Another weakness we see with XBRL is its user friendliness, or lack thereof. It’s taken us two years to develop a system capable of converting XBRL into usable and standardized data on a reliable basis. While this steep learning curve is a good barrier to entry for our company and will likely encourage data consumers to use our data instead of collecting it themselves, we want to see XBRL succeed. If we are one of only a handful of companies using XBRL data, the data we are using to build our company is not likely to be around in 10 years. The technology required to re-create a core financial statement such as a balance sheet is not an elementary task. In order to identify which statement is the balance sheet requires one to look at various pieces of the filing. Our development time would have been reduced dramatically if, among other things, filers were required to identify their core financial statements in a standardized fashion.
Taxonomies are creating another challenge with using XBRL. We believe the sheer size of the taxonomies are actually detracting from their value. Virtually identical companies are often not comparable because very few of their tags overlap or because the filers are choosing to use extended concepts. During our standardization process each of the more than 18,000 concepts in the US GAAP taxonomy as well as every extension used in the core financial statements are mapped to one of our 500+ standardized items spanning 6 industry-specific templates. The delay in adding IFRS filers into the mix is also concerning to us. Instead of requiring each filer to select tags from these often overwhelming taxonomies, we believe a better approach would be to require the filer to simply use unique descriptive codes for each item in their filing, placing the burden of classification on the end user or data company. This would make the US GAAP vs. IFRS taxonomy argument a moot point while reducing the burden placed on both filers and regulators. In addition, we believe this taxonomy-less approach will accelerate global XBRL adoption with little downside since comparing companies already requires substantial effort from the end user, even for virtually identical companies (ex. Mastercard and Visa).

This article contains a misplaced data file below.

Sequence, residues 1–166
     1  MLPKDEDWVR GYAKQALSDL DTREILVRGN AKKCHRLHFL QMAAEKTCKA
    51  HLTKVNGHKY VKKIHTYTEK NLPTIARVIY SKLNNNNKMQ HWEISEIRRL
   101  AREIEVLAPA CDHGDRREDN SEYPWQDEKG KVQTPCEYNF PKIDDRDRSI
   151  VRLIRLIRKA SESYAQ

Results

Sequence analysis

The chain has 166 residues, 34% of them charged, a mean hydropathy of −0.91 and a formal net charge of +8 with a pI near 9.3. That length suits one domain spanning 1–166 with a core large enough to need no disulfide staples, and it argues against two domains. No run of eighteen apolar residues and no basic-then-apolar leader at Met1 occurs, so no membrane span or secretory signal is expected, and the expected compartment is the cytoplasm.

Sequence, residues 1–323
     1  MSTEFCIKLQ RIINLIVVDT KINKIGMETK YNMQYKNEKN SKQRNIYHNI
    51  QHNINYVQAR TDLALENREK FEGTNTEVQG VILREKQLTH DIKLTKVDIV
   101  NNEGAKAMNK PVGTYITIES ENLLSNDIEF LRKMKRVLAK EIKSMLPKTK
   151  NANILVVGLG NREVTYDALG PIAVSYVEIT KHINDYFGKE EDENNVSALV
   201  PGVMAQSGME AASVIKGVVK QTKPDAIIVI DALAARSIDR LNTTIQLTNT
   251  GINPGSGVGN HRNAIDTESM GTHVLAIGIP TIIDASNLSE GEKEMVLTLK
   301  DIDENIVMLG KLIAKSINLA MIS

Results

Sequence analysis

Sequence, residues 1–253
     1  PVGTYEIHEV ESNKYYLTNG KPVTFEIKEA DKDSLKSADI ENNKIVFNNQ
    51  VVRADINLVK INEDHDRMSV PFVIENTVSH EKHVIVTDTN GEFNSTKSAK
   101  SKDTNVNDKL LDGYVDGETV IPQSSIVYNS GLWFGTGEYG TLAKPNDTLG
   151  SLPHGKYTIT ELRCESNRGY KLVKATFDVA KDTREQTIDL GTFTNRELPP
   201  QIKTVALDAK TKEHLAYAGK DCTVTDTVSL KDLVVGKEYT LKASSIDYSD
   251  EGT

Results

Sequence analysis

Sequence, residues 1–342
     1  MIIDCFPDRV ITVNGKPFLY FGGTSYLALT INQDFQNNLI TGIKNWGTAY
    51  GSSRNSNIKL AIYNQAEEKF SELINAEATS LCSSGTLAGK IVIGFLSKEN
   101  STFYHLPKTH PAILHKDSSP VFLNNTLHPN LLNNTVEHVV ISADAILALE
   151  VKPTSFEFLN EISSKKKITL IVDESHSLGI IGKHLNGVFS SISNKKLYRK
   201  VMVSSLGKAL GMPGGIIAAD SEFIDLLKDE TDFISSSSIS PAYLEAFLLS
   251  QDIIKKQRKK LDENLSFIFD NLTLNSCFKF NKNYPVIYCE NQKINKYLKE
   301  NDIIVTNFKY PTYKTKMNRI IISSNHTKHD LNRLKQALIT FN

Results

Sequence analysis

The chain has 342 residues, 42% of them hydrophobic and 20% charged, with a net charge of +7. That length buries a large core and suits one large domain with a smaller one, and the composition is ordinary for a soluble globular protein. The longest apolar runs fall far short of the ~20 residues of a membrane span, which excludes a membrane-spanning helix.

The last issue we are seeing with XBRL is the lack of consistency between the data structures required by the regulatory organizations. As a result of this inconsistency, adding another country to our database will be a major undertaking instead of the proverbial flip of the switch. The leading regulatory organizations should work together to merge their requirements and structures which will ultimately make XBRL the de-facto global standard for financial reporting. Better standards between regulators will reduce the time and effort required to deploy XBRL, ultimately accelerating the global deployment of the technology. In addition, regulators should work together to standardize the entity IDs of the filers to allow for better comparison. Mapping the various entity IDs (ex. tickers, CIK numbers, etc.) with other data sources is another barrier to widespread adoption and cross-comparability between countries.
The Second Inning Stretch
Even with these challenges XBRL has come a long way in recent years, but it’s clear there is still a long way to go. I believe we are in the second inning of the game. Here is something to help put that statement into perspective. Next month will mark the 4th anniversary of the SEC’s XBRL mandate. Imagine how much advancement has occurred in microprocessor since 1972(1), four years after their invention in 1968. Imagine how far airplanes have progressed since 1907(2), four years after the Wright brothers’ first flight in 1903. XBRL is still in its infancy and the next 10 years will determine the technology’s long-term trajectory. If we work together to leverage XBRL’s strengths while addressing its weaknesses, there is no stopping the spread of timely, accurate and transparent financial data.
(1) In 1972 Intel released the 8008 microprocessor with a speed of 0.5 MHz. In 2013 Intel will release their latest microprocessor with a speed of 3.5 GHz and 4 cores, 28,000 times more powerful than the 8008.
(2) In 1907 the world records for an airplane were an airspeed of 37.85 mph, range of 24.2 miles, and a maximum altitude of 82 feet above the ground. In 2012 Gulfstream announced the G650 which is capable of traveling 7,000 miles at mach .85. This is 292 times the range of the 1907 world record at 15 times the airspeed.